Helping Staff Build Customer Relationships by Guest Blogger Stephen Efird

By Stephen Efird, Head of Circulation, Northwest Regional Library System

[This article originally appeared in Learning Exchange, Volume 35, Number 4, June 2019, American Library Association. Reprinted with permission.]

It’s easy to overlook the customer when you’re in the middle of completing a transaction. It might sound silly to think, but it happens all too often. At any given time we are going a million different directions that can make the current moment little more than muscle memory. We get locked into action and motion without giving the most important part of a transaction – the customer – the attention they deserve. The trick to putting the customer front and center is to focus on key areas and exercise our customer service muscles to build up our customer relationships:

Treat everyone with respect. This can be established by picking up a couple of habits. Never underestimate the power of the hello. Greeting a customer politely, quickly, and in a pleasant demeanor sets the tone for our interaction, and builds the foundation for everything that comes after that moment. Use the words please and thank you. These are quick and easy words that get missed in our daily interactions, that can go a long way toward building successful relationships.

Listen, Listen, And Listen. Giving the customer your attention should be one of the main things you do with any transaction you complete. It‘s easy to be lost in the daze of your own life, or the task you were working on right before the customer arrived. When you’re with a customer, take a few moments and pay attention to what they are communicating. This gives them an opportunity to feel like they are being heard. It also provides a chance to hear clues to what a customer wants even when it isn’t clearly expressed. Roleplaying exercises are a great training point to practice this. Play through scenes where information is indirectly asked for and see if clues within the request provide the information that is missing.

Take opportunities to go above what is expected. If a customer is completing a transaction and you have a service that you can provide that matches, offer it. Ask if they need a stapler after printing off a set of papers or if they found what they were looking for.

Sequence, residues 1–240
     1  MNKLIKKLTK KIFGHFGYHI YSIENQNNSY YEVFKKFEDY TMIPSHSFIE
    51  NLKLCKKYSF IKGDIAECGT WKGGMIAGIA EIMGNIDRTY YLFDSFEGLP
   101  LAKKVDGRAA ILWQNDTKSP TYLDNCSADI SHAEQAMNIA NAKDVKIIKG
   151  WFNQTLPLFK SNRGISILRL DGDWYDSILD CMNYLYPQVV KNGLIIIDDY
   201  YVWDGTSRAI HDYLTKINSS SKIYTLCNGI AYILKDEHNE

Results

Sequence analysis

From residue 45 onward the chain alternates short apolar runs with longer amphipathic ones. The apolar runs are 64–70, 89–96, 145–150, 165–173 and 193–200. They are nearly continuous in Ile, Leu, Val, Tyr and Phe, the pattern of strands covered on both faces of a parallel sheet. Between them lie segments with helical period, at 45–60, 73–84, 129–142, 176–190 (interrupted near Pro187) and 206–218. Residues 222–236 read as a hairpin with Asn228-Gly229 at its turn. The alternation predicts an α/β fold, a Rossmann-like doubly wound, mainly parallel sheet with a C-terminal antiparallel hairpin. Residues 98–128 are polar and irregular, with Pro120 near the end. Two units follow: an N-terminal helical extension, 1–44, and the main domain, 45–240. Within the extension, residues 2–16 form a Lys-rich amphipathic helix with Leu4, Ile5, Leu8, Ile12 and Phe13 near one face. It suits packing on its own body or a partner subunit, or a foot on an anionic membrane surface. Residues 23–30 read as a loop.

When you can, walk a customer to the area they need instead of pointing or giving directions. Giving the customer more than what they expected can create a special moment that customers will remember and keep them coming through the doors on a regular basis.

Don’t try to prove that the customer is wrong and that you are right. There will be times when a customer says something outrageously wrong and be insistent upon it. It’s natural for a part of us to want to let them know how wrong they are, maybe even with a little victory dance afterward. Proving ourselves right offers internal satisfaction but it isn’t going to help keep a customer as a customer.

Take a moment to repeat back the request or statement in a different way. Asking the question back provides a chance to verify the customer is understood correctly. It also gives a moment to see the situation from the customer’s perspective. Most importantly it allows the customer another attempt at explanation, while giving a moment to remember they aren’t always wrong and that we aren’t always right.

Provide alternatives when you are unable to meet expectations. Customers expect to have their needs met. The reality is that not every customer that comes through the door will have a request that we can address. This doesn’t change what the end goal should be, to help provide the customer what they are requesting, or find them another option that will accomplish that task. Learn the needs of the customers and be ready with information that can guide them to where those needs can be met. Giving a customer an alternative solution will stick with them and encourage them to return.

Focusing on these areas with a few exercises and establishing habits can have exponential results in turning routine exchanges into great customer relationships. These relationships are powerful tools in making the library a community hub that feels like family and home to those we serve.

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